Oh … and Tillis won.

KS – Senate

For myself, and, I suspect, a lot of Republicans in and out of Kansas, the reason why [mc_name name=’Sen. Pat Roberts (R-KS)’ chamber=’senate’ mcid=’R000307′ ]’ 11 point victory was so … nice, had a lot less to do with Roberts himself, than it had to do with the insult to the intelligence of Kansas’ voters that was Greg Orman’s “Independent” campaign and the suddenly super-credulous media coverage of it.

His campaign clearly coordinates with the national Democratic Party to convince the Democratic Party’s Senate nominee to drop out. Then Democratic operatives are sent to helm and staff his campaign. Then Democrats start pouring money into his campaign coffers, including holding New York fundraisers sponsored by folks with Soros as a last name. All the while pretending – despite running against Roberts six years ago as a Democrat, and a history making numerous donations to the most liberal of Democrats – that he had absolutely no idea, not an inkling, of who he’d caucus with if he did get elected to the Senate.

As Jay Cost noted, Orman and the Democrats were playing “a variant of the game Democrats have been playing for years now, with an extra layer of deception: Find a candidate who can win over Republican voters in red states by talking about his independent-mindedness, and when he gets to Washington he’ll be there when you really need him.” Orman just intensified it by dropping the party label.

Even more irritating was watching journalists (both in-state and nationwide) – a profession made of people who loudly pride themselves on their skepticism – fail to notice his dodging of basic questions, his associations, his political history, his contributors, the openly Democratic bent of his campaign staff, etc. essentially play along with him, and the rest of the Democratic Party, that he was an “Independent.”

Cost labelled this tactic “sneak[ing] it past the rubes.”

So it was very gratifying, to say the least, to see the “rubes” (Kansas voters) emphatically let everyone know that are not quite the idiots Greg Orman, the Democratic Party and their media adjuncts obviously think they are.

FL – Governor

I have no strong feelings for or against Governor Rick Scott, except for my strong generic preference for Republicans to beat Democrats. However, I do harbor some strong feelings when it came to his opponent – the (very) Dishonorable Charles Joseph Crist Jnr. – the poster child for principle-free politics everywhere, whose campaign was yet another Democratic insult to the intelligence of a state’s voters.

No clued-in observer of Charlie Crist believed for one second that his loud political career-ending support for the newly elected President Barack Obama’s stimulus plan had anything to do with the belief that it was good for the nation or Florida – rather than the belief that it was good Charlie Crist. If vulgar opportunism were to be made flesh, it would behave, look, sound, stink and tan like Charlie Crist.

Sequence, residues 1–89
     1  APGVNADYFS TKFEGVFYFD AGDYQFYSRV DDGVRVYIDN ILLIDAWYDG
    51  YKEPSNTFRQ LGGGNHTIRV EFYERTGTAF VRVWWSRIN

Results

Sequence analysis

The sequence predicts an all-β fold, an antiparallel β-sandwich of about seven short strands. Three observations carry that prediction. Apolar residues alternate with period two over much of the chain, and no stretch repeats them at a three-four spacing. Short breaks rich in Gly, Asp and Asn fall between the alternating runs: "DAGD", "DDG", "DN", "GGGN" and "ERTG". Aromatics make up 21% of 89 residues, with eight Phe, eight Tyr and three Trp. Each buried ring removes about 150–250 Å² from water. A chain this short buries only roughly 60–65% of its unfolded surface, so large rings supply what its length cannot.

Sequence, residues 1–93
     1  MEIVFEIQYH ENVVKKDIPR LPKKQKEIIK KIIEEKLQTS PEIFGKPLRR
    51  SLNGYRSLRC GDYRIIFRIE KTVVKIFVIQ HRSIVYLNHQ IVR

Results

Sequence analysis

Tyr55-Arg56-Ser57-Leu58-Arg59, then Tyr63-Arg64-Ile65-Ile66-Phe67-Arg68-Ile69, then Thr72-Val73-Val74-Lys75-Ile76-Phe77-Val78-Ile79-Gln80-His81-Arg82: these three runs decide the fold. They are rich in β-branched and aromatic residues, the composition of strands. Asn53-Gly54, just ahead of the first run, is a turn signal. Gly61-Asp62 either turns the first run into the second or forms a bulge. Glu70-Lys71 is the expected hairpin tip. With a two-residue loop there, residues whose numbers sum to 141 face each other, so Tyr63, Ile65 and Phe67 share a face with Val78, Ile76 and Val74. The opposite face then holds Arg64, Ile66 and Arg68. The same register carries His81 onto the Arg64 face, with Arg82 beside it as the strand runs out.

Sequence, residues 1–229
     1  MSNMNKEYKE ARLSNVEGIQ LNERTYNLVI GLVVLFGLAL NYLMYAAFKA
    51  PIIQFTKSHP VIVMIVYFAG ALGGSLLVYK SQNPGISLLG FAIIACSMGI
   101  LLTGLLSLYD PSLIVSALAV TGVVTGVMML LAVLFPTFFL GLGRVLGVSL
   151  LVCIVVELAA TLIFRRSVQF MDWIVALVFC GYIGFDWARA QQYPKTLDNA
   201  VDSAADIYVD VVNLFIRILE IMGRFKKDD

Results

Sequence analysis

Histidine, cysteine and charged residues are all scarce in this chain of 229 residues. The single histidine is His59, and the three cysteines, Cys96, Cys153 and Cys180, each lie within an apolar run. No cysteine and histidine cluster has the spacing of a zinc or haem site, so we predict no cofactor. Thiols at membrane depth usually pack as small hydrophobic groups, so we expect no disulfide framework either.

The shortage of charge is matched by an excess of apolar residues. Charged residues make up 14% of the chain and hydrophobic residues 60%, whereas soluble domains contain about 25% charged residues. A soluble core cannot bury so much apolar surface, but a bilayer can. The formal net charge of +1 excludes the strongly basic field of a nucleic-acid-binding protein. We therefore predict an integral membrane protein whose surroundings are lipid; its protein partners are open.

The people of Florida decided to punish him for it – proving that Lincoln was right; “You can fool all the people some of the time, and some of the people all the time, but you cannot fool all the people all the time.

Having now lost as a Republican, Independent and Democrat, the only thing left is for Charlie Crist to go under the knife and lose as a woman – or to be more accurate, an orange facsimile of one.

The only fly in the ointment of Crist losing was that he lost by such a narrow margin. Given his massive ego, he’d think he still has a future in politics. May the good people of Florida continue to disabuse him of that notion.

KS – Governor

Let’s start with the fact that I have always been a fan of Sam Brownback. But until numerous stories started popping up that he was in danger of losing his bid for reelection, I simply paid his race no mind. It’s Kansas, isn’t it? Where Obama lost 2:1?

Oh, I realized … it’s Kansas.

The Kansas State Republican Party is unique in that it has long harbored – I’d go as far as say nurtured – what can only be described as a proudly open and active Fifth Column in its ranks. Alternately labelling themselves “moderates” or “‘Traditional’ Republicans”, and disingenuously holding up Dwight Eisenhower as some sort of talisman, these “Republicans” have long been closely allied with organizations and interest groups that in any other state would raise eyebrows among the Republican rank-and-file; including public employee unions and trial lawyers’ associations.

The end result was that despite heavy Republican majorities in both the State House and State Senate, a de facto fiscally and socially liberal coalition had long been in charge of the Kansas State Legislature, with a large subset of so-called “moderate” Republicans effectively caucusing with a few liberal Democrats to enact liberal legislation and drastically water down or thwart conservative policies.

Quite apart from compiling quite liberal records by any state’s standards, a large number of Republican elected and party officials in Kansas had also developed a habit of endorsing and contributing to Democrats in competitive races. In fact, for a long while, given the large number of Kansas Democratic candidates describing themselves as former Republicans (Greg Orman included), one would have been forgiven for thinking that the Kansas GOP had a side business as a finishing school for Kansas’ next generation of Democratic politicians – Kansas Republicans have the distinction of being the first to have a State Party Chairman defect to join the Democratic Gubernatorial ticket and eventually serve as a Democratic Governor.

Then Sam Brownback was elected Governor of Kansas.